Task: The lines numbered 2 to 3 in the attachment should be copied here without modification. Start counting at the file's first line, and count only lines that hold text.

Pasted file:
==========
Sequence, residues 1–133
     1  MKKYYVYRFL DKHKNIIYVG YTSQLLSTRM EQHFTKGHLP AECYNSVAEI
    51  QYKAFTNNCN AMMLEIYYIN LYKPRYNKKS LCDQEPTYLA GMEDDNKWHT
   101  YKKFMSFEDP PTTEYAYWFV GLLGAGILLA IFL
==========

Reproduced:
     1  MKKYYVYRFL DKHKNIIYVG YTSQLLSTRM EQHFTKGHLP AECYNSVAEI
    51  QYKAFTNNCN AMMLEIYYIN LYKPRYNKKS LCDQEPTYLA GMEDDNKWHT